Hematology in Latin America: Where are we? Analysis of the reports of Societies of Hematology associated organization of the Highlights of ASH in Latin America
Raul GabúsI; Sebastian GaleanoI; Carmino Antonio de SouzaII; Scott HowardIII; Jorge Horacio MilloneIV; Mario Luis Tejerina Del ValleV; Jorge Alfaro LuceroVI; Carmen RosalesVII; Maria de los Angeles del Campo MartinezVIII; José ZarzaIX; Fernando CauviX; Gabriel BorelliI; Mercedes PrietoXI
ISociedad de Hematologia Del Uruguay
IIAssociação Brasileira de Hematologia e Hemoterapia
IIIAmerican Society of Hematology
IVSociedad Argentina de Hematologia
VSociedad Boliviana de Hematologia y Hemoterapia
VISociedad Chilena de Hematologia
VIIAsociacion Colombiana de Hematologia y Oncologia
VIIIAgrupación Mexicana para Estudios Hematológicos
XISociedad Paraguaya de Hematologia
XSociedad Peruana de Hematologia
XISociedad Venezolana de Hematologia
In recent years there has been great increase in the relationship between the Latin American Societies of Hematology and the American Society of Hematology. This led to the meeting Highlights of the American Society of Hematology (ASH) in Latin America (HOA-LA), first held in São Paulo and Rio de Janeiro, Brazil with its third meeting taking place in 2011 in Punta del Este in Uruguay.
With this exchange, it soon proved necessary to know the reality of hematology in Latin America and the context of development in different countries, so that the links between the different scientific societies of the area would become stronger.
With this in mind, information was collected using a standardized questionnaire provided to the participants of the 2011 HOA-LA accompanied by guidelines on how to complete the questionnaire.
The information provided was discussed during a specific section of the 2011 HOA-LA on April 30 coordinated by Drs. Raul Gabús, Carmino Antonio de Souza and Scott Howard. The session was attended by representatives of Argentina, Brazil, Bolivia, Chile, Colombia, Mexico, Paraguay, Peru, Uruguay and Venezuela as well as those from the United States of America, Canada, Spain and Italy.
The aim of the meeting was to prepare a document to evaluate the current status of hematology in Latin America in order to improve interactions between Latin American Societies of Hematology. An additional objective was to encourage the organization of cooperative projects on support and training for the diagnosis and treatment of patients with blood diseases in Latin America.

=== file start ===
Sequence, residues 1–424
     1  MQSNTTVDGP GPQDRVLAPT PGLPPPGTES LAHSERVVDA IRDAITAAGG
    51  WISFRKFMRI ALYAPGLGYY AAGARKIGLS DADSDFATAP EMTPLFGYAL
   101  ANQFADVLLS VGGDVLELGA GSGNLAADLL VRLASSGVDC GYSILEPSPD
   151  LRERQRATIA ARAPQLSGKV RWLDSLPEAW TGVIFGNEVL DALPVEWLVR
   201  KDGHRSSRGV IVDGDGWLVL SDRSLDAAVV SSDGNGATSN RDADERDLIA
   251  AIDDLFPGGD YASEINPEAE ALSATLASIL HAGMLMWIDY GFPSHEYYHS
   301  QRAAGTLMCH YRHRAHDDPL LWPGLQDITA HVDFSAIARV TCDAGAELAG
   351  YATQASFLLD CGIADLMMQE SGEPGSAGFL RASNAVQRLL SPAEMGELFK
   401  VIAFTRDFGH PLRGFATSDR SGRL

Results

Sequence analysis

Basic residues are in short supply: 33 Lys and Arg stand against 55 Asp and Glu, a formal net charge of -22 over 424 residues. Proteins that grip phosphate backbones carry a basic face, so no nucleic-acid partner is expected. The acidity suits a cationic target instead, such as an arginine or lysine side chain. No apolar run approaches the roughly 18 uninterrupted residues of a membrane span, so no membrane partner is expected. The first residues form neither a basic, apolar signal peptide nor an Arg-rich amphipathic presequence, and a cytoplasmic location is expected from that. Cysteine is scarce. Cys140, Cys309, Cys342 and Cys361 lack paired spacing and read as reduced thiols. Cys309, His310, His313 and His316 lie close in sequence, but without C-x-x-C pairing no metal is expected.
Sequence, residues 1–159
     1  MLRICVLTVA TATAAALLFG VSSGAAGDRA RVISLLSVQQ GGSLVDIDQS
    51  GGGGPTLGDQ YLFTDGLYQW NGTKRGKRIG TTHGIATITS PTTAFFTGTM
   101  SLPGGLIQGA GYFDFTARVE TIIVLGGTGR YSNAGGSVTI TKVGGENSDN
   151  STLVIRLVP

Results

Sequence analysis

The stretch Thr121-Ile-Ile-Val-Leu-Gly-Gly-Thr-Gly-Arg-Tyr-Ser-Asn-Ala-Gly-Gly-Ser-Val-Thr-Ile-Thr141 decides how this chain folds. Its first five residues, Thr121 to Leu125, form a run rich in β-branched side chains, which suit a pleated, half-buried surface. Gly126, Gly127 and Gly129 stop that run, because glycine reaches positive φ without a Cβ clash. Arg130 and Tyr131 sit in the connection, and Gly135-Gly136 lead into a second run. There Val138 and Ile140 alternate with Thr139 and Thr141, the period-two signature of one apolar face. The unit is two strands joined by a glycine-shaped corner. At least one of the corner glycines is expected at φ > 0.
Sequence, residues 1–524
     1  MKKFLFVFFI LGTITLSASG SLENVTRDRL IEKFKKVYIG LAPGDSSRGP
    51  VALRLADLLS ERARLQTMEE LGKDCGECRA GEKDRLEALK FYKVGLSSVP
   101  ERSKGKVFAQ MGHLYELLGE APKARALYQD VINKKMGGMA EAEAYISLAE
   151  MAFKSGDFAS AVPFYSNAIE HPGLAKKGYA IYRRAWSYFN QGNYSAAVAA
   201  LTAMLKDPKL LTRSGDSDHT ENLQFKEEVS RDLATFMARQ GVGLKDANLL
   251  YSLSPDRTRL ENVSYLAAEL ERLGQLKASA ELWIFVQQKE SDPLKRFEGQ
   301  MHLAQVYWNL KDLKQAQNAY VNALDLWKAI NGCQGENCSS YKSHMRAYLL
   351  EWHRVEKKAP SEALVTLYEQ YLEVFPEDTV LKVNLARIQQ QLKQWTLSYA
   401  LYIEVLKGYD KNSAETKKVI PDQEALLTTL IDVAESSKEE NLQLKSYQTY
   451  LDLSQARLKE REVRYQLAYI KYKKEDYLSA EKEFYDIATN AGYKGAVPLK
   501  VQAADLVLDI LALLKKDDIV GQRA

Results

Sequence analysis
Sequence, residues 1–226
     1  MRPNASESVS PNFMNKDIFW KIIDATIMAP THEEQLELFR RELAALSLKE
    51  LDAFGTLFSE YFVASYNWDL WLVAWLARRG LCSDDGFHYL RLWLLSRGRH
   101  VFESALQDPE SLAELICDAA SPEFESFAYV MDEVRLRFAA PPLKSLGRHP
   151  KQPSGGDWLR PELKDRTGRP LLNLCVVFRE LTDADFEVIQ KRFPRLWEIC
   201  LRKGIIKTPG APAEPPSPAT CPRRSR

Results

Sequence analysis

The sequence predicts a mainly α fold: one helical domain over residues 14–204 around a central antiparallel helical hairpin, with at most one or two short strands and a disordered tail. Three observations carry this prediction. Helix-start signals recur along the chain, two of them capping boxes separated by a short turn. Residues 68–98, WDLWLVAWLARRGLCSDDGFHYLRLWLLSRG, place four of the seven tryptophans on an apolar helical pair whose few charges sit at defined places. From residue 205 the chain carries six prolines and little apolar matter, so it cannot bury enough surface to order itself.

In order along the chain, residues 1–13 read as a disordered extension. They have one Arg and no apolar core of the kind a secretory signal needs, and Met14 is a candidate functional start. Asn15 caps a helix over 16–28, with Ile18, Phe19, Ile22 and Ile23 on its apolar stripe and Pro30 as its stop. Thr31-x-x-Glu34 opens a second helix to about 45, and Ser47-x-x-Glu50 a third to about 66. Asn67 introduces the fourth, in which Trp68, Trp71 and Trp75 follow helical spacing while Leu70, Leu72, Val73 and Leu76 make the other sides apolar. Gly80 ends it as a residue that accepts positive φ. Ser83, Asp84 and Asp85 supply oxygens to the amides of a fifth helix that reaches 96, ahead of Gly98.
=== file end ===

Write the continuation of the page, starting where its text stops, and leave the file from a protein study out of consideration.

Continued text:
Member societies of the OAH-LA were asked to designate a spokesperson for this activity before 15 December 2010.
Questionnaires were distributed to these spokespeople to obtain a representative sample of partners and hematology services of each country. The questionnaires were then sent to the coordinators in January 2011.
In February 2011, each representative wrote a brief summary of data on the general situation in their country that reflected the opinion of the respective Society of Hematology.
Data were collected and analyzed by the coordinators of the LA-HOA in Uruguay in March 2011 with the reports being divulged to the participating scientific societies. In April 2011 the results were presented and the final text of the document was discussed.
The estimated population of the countries involved (Argentina, Bolivia, Brazil, Chile, Colombia, Mexico, Paraguay, Peru, Uruguay and Venezuela) is approximately 475 million people in an area of 19,046,336 km2. There are currently 4,306 hematologists for this population which is a rate of 0.9/100,000 hematologists/inhabitants with a heterogeneous distribution between the countries and between regions within each country.
A total of 76.7% hematologists are connected to hematology institutions in their countries (range: 45-100%). In the case of Colombia, the Hematology Society is linked to oncology and in five countries (Bolivia, Brazil, Chile, Paraguay and Venezuela) to transfusion medicine. In seven countries (Argentina, Bolivia, Brazil, Colombia, Paraguay, Uruguay and Venezuela), there are formal medical fellowships programs in hematology.
Three countries (Brazil, Colombia and Uruguay) reported that it is the National Health System that regulates funds and supportive care. In the other countries the health care system is divided between the public health insurance, prepayments, loans and others.
The participation of the public sector in different countries varies between 25 and 73%. Exclusive private healthcare covers 10 and 20% of care.
There are few national records and those that exist are limited to specific diseases. The registries are mainly of isolated Hematology Centers with partial data and with little intervention of Hematology Societies (Figure 1).
With regards to healthcare in hematology, although most people can easily have access to referral centers, however there are geographic areas far from these centers, such as the Brazilian Amazon and Bolivian Altiplano (Figure 2).
The availability of cytogenetics, flow cytometry, molecular biology, immunohistochemistry, computed tomography, magnetic resonance imaging (MRI) and positron emission tomography (PET-CT) was found to be heterogeneous across countries and even within the same country. Some complex techniques such as computed tomography or immunophenotyping by flow cytometry (IHC) are generally accessible to the public. Some countries do not have cytogenetics, molecular biology, MRI or PET-CT availability. Moreover, even in countries that rely on these resources, access to them is not universal for all inhabitants (Figure 3). The reports also mention a need to develop IHC to assist diagnosis of hematologic diseases.